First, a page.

I understood, and my eyes became wet with tears again. I understood very well, and I was so glad Daddy had done it. Now the rifle seemed very low on my list of priorities. He had given me a lot more. He had given me the look on Mrs. Jensen’s face and the radiant smiles of her three children. For the rest of my life, Whenever I saw any of the Jensens, or split a block of wood, I remembered, and remembering brought back that same joy I felt riding home beside of my Daddy that night. He had given me much more than a rifle that night, he had given me the best Christmas of my life..


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“After Wendy went through my piece, I found something i was missing; confidence.” – Mike M., who received an edit as a Patreon reward. Here are some more writers happy with my work: https://wendysdelmater.net/testimonials/

Let me turn your manuscript into a marketable book or story. Contact me at wdelmater@usa.net

And it kept getting worse. So…

Here’s a poem from my chapbook, Plant a Garden Around Your Life. The Book Quote Wednesday keyword is “Stone” and you’ll see how that fits if you dive in. Worth the read. #bookqw

Plant a Garden Around Your LIfe by [Wendy S. Delmater, Elisabeth Kitzing]


A Glorious Day

The car broke down in the snow

North of New York City.

Didn’t sleep at all last night,

‘Cause I worked my second job

Typing transcripts

‘Til the sun came up.

I worked all day, then headed north

To Westchester County,

To college.


And it really was a glorious day

A memorable one

Looking back on it now.


So the damned overheat light

Glowed bright on the dashboard

Of my seventeen-year-old car.

It was after nine o’clock in the evening

And I was stuck on the Hutchinson River Parkway

In the middle of Scarsdale,

With no credit cards,

No triple-A,

And $2.49 to my name.


And it really was a glorious day

No matter how bad it sounds

Looking back on it now.


I said a quick prayer

A compassionate stranger stopped

Prayer must work, ‘cause he loaned me ten bucks

To get home

And a flashlight

To find the problem.

The problem was that

I needed my radiator replaced.



Catchin’ a cold,

With sleep deprivation,

Stone cold broke

And out of options –

As I eased the cooled-off car

Up the exit ramp,

Stopped at a pay phone

And called my sister.

As usual.


But it really was a glorious day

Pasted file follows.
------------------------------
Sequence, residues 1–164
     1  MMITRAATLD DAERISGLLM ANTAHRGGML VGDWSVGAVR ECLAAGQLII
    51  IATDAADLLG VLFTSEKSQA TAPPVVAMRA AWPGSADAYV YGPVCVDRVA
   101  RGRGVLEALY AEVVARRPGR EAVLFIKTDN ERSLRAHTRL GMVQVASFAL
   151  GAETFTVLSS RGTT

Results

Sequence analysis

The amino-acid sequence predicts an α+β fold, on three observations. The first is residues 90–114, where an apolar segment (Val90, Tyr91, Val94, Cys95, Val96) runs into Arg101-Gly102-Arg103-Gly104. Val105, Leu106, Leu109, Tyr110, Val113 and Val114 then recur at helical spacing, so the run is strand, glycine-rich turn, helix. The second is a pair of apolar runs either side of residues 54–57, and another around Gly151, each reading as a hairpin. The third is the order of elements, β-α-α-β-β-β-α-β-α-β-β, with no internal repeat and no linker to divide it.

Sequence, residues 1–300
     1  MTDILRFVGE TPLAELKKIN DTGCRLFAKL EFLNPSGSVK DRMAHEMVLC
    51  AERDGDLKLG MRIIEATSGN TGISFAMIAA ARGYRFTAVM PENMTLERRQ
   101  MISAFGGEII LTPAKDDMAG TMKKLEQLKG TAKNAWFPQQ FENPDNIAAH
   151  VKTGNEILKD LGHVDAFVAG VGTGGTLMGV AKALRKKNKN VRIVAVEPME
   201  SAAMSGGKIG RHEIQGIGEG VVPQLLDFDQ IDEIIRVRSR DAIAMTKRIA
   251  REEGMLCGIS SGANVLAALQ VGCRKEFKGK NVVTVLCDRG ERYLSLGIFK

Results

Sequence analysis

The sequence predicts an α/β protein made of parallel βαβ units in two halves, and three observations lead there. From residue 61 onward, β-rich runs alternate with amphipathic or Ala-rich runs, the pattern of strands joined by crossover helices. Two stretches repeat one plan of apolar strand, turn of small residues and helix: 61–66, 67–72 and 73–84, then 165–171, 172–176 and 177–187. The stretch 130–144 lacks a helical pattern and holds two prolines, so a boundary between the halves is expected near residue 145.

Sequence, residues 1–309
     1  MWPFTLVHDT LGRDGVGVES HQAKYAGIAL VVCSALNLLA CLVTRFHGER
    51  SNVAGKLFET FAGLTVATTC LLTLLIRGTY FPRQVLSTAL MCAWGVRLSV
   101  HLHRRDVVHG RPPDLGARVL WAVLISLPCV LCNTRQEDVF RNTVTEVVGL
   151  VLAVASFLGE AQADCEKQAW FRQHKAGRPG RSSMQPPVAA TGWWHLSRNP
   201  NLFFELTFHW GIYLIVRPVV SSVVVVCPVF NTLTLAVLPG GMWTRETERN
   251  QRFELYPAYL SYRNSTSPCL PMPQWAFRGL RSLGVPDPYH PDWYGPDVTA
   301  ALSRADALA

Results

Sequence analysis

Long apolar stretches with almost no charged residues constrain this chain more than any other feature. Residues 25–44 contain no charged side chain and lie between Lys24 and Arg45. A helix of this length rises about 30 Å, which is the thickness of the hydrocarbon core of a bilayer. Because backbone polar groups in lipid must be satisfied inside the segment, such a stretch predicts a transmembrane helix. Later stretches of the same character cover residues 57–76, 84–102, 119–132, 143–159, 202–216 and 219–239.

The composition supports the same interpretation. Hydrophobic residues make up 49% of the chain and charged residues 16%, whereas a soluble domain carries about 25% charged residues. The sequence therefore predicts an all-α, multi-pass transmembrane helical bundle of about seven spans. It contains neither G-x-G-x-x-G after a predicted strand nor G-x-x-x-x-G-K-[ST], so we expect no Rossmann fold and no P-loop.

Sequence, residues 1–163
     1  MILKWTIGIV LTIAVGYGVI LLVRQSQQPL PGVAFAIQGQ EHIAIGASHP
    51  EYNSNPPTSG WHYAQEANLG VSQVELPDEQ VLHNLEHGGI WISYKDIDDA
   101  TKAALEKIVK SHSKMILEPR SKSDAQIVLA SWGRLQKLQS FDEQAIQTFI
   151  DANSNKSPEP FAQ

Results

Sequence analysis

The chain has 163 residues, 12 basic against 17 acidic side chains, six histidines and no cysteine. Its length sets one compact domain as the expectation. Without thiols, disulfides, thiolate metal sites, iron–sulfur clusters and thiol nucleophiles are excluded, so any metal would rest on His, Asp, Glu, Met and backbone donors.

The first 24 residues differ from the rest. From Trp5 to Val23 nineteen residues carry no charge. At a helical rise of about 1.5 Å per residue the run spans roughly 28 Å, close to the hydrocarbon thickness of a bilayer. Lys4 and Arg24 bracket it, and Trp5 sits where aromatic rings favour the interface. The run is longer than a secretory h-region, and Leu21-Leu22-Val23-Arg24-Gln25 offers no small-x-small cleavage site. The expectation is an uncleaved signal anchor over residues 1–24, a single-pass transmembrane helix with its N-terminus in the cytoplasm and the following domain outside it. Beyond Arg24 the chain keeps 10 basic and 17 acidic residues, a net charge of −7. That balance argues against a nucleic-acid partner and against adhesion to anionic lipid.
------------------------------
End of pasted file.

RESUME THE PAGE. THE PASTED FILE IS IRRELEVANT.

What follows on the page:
No sarcasm intended.

I’ll always remember it that way.


The State Trooper was kind enough to wait

For the tow truck to come

And then he dropped me off at a motel.

And off he drove

As I discovered

That the tow might take her VISA by phone

But motels do not.

Unless my sister’s card could be run through their machine,

I was out of luck.

It’s 11pm, and a mile and a half

From the nearest train station.

It starts raining.


But it really was a glorious day

I know you don’t believe me at all

Yet I think back on it fondly.


If I am careful I should have enough to get home

A taxi to the railroad is too expensive.

Walking through the six-inch slush,

On my way to Metro North,

I figure I can spend a dollar on something to eat,

But nothing’s open.

So I caught the last train to Manhattan

(Oh, God – its warm, I can sit!)

And fell asleep is if drugged.

On an empty stomach.


But it really was a glorious day

(Wait, it gets better)

A wonderful memory on my life.


I scared the train cleaner

Half to death

In the bowels of  Metro North’s station.

It seems I never heard them pull into

Grand Central Station.

I wonder why.

Let me out of here –

I still have to catch a train to Long Island.

Yes, I know I shouldn’t be back here.

No, I don’t have a pass.

Can I go now?


It truly was a glorious day

One I shall recall fondly

For the rest of my life.


One vendor was open

A Snickers bar

Is better than nothing

On an empty stomach, right?

I took the subway to Penn Station

And just missed the last train

To Long Island.

There was one at three in the morning.

I’ll wait.


The Long Island Railroad makes you

Change from an electric train

To a diesel one

At Babylon Station.

The hell with it.

I’ll take a taxi

From Babylon to Bay Shore

Rather than wait another 45 minutes.

There’s my driveway,

And if you don’t take a check you can throw me in jail,

As long as it has a bed.

I’m calling in sick tomorrow.


But the glorious thing

Was to be able to quantify

Something that I had never been able to isolate before.

I was miserable.

I was tired.

I was unhappy.

But I was not depressed.

My condition had responded to the medication.


Depression is not sadness.

Depression is not tiredness.

It is hard to put into words,

But I never would have been able to describe it at all

If it had not been for

That glorious day.


Wendy S. Delmater

Juggling, and the holidays